In consulting the helpful resource book entitled Union County Marriage Records 1833-1897 compiled by Viola Holden Jones of Louisville, TN in 1992, I found a total of fifty Self marriages recorded between 1833 and 1897. Space precludes my listing them here, but it is interesting to see the children’s names of the 1850 households listed among those marriages.

Consulting another valuable resource, Cemetery Records of Union County, Georgia (c1990), I decided to seek marked graves of any Selfs born before 1850. I was disappointed to find only three: Ezekiel Self (1845-1890) buried in Antioch Cemetery; John J. Self (Dec. 6, 1835- Oct. 22, 1921) and Margaret Self (May 28, 1939-Sept. 18, 1928) both buried in Shady Grove Cemetery. Referring again to the marriage records, I found that Ezekiel R. Self married Rosa A. Hix on March 10, 1867 with Jebiah Jackson, Justice of the Peace performing the ceremony. John Self married Margaret Daniel on February 10, 1856 with Charles Crumley, Justice of the Peace, the officiating officer.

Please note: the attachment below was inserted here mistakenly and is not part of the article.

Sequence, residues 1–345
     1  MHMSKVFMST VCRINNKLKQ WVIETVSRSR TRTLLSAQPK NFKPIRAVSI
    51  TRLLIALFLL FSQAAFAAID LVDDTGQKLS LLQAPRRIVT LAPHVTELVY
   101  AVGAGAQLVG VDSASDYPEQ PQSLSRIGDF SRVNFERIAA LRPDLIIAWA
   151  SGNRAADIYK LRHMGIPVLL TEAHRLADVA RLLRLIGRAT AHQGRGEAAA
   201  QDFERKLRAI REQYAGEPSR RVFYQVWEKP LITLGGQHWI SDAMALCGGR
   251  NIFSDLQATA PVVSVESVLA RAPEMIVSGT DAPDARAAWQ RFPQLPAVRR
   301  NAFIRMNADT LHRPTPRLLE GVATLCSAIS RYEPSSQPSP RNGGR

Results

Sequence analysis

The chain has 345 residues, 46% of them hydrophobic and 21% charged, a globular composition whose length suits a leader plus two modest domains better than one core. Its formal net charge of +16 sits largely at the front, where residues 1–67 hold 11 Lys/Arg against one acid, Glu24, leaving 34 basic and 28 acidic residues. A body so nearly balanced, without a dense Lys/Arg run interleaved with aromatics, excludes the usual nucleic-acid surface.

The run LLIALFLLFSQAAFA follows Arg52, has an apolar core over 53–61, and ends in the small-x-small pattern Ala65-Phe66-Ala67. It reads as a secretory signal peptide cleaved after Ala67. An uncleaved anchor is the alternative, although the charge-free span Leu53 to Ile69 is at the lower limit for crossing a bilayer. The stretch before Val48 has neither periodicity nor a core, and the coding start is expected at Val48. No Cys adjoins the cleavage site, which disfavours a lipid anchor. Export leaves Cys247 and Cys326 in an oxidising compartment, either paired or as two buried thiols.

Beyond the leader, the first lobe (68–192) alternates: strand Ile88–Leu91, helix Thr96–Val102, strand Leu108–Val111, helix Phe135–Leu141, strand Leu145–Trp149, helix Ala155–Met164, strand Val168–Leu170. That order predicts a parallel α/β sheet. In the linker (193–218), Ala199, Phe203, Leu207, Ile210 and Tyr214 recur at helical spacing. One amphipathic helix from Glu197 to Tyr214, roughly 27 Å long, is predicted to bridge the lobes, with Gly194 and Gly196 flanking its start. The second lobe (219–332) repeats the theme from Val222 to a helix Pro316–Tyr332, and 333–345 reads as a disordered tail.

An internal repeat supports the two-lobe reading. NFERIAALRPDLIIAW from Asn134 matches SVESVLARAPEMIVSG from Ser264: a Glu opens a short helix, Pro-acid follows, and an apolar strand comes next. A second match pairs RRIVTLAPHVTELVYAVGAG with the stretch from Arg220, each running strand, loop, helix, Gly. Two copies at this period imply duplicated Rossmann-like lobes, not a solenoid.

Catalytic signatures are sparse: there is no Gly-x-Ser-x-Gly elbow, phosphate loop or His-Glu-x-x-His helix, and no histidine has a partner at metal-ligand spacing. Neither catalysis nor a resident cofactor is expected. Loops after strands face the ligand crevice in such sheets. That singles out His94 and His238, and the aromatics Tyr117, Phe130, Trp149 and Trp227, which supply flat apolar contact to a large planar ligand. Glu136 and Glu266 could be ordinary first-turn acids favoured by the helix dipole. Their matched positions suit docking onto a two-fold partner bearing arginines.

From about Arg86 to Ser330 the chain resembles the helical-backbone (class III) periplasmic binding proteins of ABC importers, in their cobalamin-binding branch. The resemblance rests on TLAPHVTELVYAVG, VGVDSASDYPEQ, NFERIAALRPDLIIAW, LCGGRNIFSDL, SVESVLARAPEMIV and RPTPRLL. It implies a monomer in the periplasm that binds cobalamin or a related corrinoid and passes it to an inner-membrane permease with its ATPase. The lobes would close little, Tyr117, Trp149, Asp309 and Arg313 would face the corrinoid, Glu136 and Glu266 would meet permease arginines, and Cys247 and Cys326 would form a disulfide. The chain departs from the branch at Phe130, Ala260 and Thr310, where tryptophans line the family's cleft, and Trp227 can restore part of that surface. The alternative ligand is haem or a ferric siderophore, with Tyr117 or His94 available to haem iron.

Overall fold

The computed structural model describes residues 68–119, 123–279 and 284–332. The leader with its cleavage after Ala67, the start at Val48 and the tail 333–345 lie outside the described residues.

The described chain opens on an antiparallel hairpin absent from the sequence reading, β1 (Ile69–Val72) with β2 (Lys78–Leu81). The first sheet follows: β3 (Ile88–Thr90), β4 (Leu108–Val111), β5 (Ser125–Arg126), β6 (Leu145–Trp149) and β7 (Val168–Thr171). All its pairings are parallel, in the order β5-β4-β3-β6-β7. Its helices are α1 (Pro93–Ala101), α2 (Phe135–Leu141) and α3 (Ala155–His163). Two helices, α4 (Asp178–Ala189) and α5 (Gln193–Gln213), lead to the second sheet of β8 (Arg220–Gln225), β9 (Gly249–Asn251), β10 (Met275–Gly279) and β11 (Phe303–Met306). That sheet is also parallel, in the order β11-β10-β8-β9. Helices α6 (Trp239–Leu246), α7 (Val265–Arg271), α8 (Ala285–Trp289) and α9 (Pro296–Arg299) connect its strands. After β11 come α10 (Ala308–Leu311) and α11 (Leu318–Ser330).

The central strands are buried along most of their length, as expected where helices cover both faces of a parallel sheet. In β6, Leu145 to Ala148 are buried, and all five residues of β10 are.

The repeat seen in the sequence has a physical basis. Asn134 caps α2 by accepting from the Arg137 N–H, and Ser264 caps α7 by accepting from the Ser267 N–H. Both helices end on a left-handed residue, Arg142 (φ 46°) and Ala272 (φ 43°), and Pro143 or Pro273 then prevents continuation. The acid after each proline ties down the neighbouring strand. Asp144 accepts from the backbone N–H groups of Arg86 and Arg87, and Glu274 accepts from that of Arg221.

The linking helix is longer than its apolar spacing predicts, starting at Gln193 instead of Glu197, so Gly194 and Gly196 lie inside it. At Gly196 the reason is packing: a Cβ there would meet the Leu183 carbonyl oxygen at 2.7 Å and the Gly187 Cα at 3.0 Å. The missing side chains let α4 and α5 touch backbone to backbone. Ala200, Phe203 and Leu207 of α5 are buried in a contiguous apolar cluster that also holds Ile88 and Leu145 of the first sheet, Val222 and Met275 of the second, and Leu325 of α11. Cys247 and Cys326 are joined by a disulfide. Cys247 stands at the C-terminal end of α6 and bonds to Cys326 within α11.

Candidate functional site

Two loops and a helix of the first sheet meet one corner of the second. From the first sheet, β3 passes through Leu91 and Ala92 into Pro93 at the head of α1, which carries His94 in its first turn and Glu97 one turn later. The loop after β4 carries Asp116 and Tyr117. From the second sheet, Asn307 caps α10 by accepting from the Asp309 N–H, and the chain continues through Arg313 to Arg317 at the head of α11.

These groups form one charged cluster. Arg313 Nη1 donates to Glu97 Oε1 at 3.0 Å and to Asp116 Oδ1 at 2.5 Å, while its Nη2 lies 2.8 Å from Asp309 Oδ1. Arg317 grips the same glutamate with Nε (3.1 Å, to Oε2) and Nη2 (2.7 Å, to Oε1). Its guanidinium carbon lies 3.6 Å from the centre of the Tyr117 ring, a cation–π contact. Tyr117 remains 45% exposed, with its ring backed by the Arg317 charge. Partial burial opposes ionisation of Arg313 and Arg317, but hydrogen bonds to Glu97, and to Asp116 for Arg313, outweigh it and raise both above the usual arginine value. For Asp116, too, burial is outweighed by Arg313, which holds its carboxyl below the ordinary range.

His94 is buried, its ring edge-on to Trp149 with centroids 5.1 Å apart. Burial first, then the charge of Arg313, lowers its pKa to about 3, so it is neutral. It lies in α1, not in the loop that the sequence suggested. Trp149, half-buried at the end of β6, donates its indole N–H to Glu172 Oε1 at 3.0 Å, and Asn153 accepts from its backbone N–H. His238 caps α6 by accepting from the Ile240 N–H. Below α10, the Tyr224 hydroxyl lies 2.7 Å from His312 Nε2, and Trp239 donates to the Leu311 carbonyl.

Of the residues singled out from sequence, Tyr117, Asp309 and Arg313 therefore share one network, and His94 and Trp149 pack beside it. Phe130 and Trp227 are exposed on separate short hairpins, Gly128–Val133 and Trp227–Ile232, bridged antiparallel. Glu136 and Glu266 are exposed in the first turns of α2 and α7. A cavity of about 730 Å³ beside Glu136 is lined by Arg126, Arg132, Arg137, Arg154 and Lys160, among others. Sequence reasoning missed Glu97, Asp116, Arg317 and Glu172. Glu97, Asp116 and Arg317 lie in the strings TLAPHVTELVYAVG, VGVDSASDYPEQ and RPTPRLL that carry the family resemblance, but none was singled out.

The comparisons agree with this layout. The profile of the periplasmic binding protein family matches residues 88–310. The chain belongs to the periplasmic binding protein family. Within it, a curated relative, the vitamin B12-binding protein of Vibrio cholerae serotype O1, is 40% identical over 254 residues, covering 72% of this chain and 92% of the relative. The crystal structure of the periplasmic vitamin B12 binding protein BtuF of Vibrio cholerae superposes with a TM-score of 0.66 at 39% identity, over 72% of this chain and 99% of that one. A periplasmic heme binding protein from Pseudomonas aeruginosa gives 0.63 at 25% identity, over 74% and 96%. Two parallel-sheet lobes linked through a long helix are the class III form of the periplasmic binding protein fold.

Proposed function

At best, this account of first families Selfs is incomplete. I am greatly interested in Self genealogy because I descend from Celia Self Collins, wife of Thompson Collins. They were among the first settlers in Choestoe District of Union County and were here when the first census was taken in 1834. What research I have been able to do reveals that Celia was a daughter of Francis Self and that she had siblings named Job, Sarah, and Jesse. I believe the Job Self in the 1834 Union Census was my great, great uncle, and the Francis Self listed then may well have been my great, great, great grandfather (Celia Self Collins’s father). This research leaves me wishing I knew for sure.

c 2009 by Ethelene Dyer Jones; published Oct. 8, 2009 in The Union Sentinel, Blairsville, GA. Reprinted by permission. All rights reserved.

No comments:

Post a Comment